Phytosociological data give biased estimates of species richness
Article first published online: 24 FEB 2009
2001 IAVS - the International Association of Vegetation Science
Journal of Vegetation Science
Volume 12, Issue 3, pages 441–444, June 2001
How to Cite
Chytrý, M. (2001), Phytosociological data give biased estimates of species richness. Journal of Vegetation Science, 12: 441–444. doi: 10.1111/j.1654-1103.2001.tb00190.x
- Issue published online: 24 FEB 2009
- Article first published online: 24 FEB 2009
- Received 15 November 1999; Revision received 5 September 2000; Accepted 5 September 2000. Coordinating Editor: J. Oksanen.
- Data quality;
- Plot size;
- Species-area curve;
- Vegetation data base
Abstract. Large phytosociological data sets of three types of grassland and three types of forest vegetation from the Czech Republic were analysed with a focus on plot size used in phytosociological sampling and on the species-area relationship. The data sets included 12975 relevés, sampled by different authors in different parts of the country between 1922 and 1999. It was shown that in the grassland data sets, the relevés sampled before the 1960s tended to have a larger plot size than the relevés made later on. No temporal variation in plot sizes used was detected in forest relevés.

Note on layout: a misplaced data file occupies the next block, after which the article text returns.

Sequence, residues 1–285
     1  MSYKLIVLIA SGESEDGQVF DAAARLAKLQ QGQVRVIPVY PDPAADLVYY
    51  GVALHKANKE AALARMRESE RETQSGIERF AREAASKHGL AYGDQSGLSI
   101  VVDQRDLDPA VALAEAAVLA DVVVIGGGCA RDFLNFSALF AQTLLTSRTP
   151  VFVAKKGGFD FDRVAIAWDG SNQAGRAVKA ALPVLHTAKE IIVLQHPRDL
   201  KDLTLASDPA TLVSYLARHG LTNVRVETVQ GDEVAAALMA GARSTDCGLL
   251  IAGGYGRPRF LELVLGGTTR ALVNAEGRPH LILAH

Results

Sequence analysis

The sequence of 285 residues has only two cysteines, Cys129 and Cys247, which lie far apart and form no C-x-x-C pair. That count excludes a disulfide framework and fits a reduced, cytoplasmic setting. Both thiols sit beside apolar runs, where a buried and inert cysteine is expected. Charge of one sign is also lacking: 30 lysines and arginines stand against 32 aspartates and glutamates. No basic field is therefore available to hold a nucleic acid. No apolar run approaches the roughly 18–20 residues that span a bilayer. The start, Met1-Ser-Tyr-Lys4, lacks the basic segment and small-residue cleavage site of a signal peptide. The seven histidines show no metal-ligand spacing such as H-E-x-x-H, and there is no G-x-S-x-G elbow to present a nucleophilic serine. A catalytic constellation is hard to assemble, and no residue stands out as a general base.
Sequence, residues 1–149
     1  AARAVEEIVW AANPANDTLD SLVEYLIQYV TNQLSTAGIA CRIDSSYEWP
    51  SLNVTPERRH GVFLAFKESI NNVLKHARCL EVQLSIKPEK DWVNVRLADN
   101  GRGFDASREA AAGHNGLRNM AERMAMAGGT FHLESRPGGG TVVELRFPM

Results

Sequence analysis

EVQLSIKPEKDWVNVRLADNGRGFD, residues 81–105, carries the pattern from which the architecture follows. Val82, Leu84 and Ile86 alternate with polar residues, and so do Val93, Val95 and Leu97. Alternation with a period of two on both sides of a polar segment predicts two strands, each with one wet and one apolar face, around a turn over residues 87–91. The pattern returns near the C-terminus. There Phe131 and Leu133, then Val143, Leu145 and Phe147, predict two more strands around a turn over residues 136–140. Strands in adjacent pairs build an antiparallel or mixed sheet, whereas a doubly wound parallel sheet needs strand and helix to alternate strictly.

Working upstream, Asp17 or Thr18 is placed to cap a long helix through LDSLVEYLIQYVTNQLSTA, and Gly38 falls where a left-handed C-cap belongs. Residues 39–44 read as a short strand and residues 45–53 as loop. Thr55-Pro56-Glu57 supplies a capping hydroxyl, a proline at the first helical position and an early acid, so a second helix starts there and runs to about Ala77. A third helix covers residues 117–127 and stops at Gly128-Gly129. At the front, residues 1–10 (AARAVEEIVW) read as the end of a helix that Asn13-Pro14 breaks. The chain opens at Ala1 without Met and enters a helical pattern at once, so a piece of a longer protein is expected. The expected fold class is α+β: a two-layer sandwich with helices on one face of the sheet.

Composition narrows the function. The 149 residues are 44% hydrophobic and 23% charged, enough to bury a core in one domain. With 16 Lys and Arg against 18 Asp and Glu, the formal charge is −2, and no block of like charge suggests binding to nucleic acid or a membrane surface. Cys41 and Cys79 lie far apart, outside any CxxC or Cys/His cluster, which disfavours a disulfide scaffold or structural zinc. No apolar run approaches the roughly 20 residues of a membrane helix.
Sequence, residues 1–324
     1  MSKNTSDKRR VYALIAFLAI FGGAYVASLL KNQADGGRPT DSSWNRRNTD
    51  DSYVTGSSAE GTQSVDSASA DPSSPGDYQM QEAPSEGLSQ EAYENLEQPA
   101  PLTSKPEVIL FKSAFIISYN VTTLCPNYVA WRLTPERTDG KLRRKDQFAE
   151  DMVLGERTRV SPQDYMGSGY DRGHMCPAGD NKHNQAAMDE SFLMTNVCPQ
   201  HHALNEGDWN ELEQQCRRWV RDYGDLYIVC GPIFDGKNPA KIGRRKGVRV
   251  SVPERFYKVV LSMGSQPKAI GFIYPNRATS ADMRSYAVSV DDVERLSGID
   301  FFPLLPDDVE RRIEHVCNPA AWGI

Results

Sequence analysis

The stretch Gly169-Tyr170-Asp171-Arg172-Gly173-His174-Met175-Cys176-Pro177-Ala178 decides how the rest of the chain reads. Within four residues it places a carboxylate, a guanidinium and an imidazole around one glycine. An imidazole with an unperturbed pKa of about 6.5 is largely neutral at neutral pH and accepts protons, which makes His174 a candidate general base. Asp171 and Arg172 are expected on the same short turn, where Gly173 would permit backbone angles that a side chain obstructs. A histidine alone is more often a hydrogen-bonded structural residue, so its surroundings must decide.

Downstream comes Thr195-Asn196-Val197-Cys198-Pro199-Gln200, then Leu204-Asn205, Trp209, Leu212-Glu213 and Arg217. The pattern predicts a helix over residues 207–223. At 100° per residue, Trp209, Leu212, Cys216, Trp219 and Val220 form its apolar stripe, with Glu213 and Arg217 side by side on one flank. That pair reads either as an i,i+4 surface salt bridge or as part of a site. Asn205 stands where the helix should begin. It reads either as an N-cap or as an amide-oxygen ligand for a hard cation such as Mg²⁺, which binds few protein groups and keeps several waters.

Species-area curves fitted to the data showed unnatural shapes, with levelling-off or even decrease in plot sizes higher than average. This distortion is explained by the subjective, preferential method of field sampling used in phytosociology. When making relevés in species-poor vegetation, researchers probably tend to use larger plots in order to include more species. The reason for this may be that a higher number of species gives a higher probability of including presumed diagnostic species, so that the relevé can be more easily classified in the Braun-Blanquet classification system. This attitude of phytosociologists has at least two consequences: (1) in phytosociological data bases species-poor vegetation types are underrepresented or relevés are artificially biased towards higher species richness; (2) the suitability of phytosociological data for species richness estimation is severely limited.